Feds Lose a Few Neutrinos, Gain Some Information

Protons from Fermilab's Main Injector accelerator (left) travel 1,000 feet down the beam line, smash into a graphite target and create muon neutrinos. The neutrinos traverse the MINOS near detector, located at the far end of the NuMI complex, and travel straight through the earth to a former iron mine in Soudan, Minnesota, where they cross the MINOS far detector. Some of the neutrinos arrive as electron neutrinos or tau neutrinos. (Image credit: Fermi Lab)

Somewhere between Illinois and Minnesota, the federal government lost some neutrinos.

No matter. These invisible elementary particles are ubiquitous in the universe.

Neutrinos are incredibly elusive. They rarely interact with matter. They can pass right through you with ease and even through the entire Earth. This makes studying neutrinos very difficult. And, as it turns out, the scientists at the Department of Energy's Fermi National Accelerator Laboratory are happy they lost a few.

The scientists sent a beam of these ghostly particles from the Fermi site in Batavia, Illinois to a particle detector in Soudan, Minnesota, 450 miles away. Rather than flying through the air, the beam was directed right through the planet. As theory predicted, some of the particles didn’t make it.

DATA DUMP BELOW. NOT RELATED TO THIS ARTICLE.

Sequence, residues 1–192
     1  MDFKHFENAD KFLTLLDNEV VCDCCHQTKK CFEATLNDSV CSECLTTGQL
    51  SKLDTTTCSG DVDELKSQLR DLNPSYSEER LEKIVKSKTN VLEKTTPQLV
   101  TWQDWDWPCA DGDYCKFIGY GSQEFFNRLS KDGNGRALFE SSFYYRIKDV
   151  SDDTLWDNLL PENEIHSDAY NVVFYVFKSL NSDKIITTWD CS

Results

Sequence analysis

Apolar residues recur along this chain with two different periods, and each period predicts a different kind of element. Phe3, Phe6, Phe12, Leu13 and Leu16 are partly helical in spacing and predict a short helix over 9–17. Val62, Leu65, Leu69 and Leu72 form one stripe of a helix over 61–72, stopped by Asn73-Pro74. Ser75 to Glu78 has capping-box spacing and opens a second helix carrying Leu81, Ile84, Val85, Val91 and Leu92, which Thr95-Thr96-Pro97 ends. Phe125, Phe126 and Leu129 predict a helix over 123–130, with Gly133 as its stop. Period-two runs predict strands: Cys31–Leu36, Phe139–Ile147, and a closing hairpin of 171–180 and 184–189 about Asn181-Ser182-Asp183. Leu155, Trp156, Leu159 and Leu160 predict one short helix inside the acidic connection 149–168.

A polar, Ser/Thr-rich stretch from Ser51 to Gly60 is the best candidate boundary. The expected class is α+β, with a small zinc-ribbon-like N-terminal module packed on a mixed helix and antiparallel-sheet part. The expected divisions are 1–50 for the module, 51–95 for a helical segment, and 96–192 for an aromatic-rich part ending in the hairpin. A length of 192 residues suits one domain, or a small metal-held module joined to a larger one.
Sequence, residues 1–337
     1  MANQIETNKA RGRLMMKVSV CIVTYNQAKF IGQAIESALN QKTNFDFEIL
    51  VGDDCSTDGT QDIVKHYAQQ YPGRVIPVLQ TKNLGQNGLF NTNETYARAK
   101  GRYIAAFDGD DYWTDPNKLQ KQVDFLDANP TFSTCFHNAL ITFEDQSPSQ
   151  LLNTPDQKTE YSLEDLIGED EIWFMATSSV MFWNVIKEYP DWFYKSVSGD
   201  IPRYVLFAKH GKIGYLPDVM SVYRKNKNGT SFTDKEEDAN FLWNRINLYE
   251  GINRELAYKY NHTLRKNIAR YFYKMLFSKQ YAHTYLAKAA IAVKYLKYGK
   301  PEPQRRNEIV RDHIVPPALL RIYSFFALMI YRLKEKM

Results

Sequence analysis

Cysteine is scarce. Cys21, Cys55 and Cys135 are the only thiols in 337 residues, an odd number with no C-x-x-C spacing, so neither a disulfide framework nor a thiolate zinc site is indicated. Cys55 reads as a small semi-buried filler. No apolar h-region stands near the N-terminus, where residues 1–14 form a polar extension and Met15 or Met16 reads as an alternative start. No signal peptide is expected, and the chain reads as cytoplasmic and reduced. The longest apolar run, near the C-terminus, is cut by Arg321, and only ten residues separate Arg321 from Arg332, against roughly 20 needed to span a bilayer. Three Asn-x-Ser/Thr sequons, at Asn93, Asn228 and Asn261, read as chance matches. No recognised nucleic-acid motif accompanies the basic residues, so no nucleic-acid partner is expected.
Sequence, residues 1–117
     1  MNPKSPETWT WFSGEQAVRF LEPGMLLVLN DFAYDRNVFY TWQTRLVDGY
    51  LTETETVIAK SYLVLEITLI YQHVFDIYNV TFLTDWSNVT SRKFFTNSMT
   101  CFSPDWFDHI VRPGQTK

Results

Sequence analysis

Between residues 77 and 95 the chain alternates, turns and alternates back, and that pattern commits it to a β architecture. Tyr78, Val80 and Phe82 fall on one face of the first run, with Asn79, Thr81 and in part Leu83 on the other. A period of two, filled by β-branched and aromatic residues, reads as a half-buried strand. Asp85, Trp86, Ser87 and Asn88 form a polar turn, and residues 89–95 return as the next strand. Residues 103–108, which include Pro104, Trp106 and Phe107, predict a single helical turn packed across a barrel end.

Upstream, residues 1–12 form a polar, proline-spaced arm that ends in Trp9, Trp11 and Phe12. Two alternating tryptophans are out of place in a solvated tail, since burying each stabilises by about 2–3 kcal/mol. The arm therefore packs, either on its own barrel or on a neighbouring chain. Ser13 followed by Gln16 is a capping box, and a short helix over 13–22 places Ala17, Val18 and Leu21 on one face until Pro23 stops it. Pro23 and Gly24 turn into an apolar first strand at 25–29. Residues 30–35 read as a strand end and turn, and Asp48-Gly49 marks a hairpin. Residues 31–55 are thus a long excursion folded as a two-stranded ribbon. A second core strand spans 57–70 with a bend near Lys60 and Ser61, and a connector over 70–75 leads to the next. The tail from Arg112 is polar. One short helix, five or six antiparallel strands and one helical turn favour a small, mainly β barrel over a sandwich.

Here’s why:

There are three types of neutrinos, each associated with a different charged particle: the electron neutrino, the muon and the tau. The Fermi scientists think the vanishing act they witnessed was a result of the neutrinos changing from one form to another, a phenomenon called "neutrino oscillation."

The test results provide further evidence that neutrinos must have mass, the scientists say. If the masses of all three types were zero, neutrino oscillation would not occur.

"This has told us that they are not totally massless as was once thought, and opens the way for a detailed study of their properties," said Keith Mason, CEO of the Particle Physics and Astronomy Research Council.

Neutrinos are produced by the thermonuclear reactions that occur within stars, and a better understanding of them will help scientists determine how galaxies formed and what the origin of matter is.

In the meantime, John Updike may have to revise his poem to give neutrinos the weight they deserve:

"Neutrinos: they are very small

They have no charge; they have no mass;

they do not interact at all.

The Earth is just a silly ball

to them, through which they simply pass

like dustmaids down a drafty hall

or photons through a sheet of glass …"

Sara Goudarzi
Sara Goudarzi is a Brooklyn writer and poet and covers all that piques her curiosity, from cosmology to climate change to the intersection of art and science. Sara holds an M.A. from New York University, Arthur L. Carter Journalism Institute, and an M.S. from Rutgers University. She teaches writing at NYU and is at work on a first novel in which literature is garnished with science.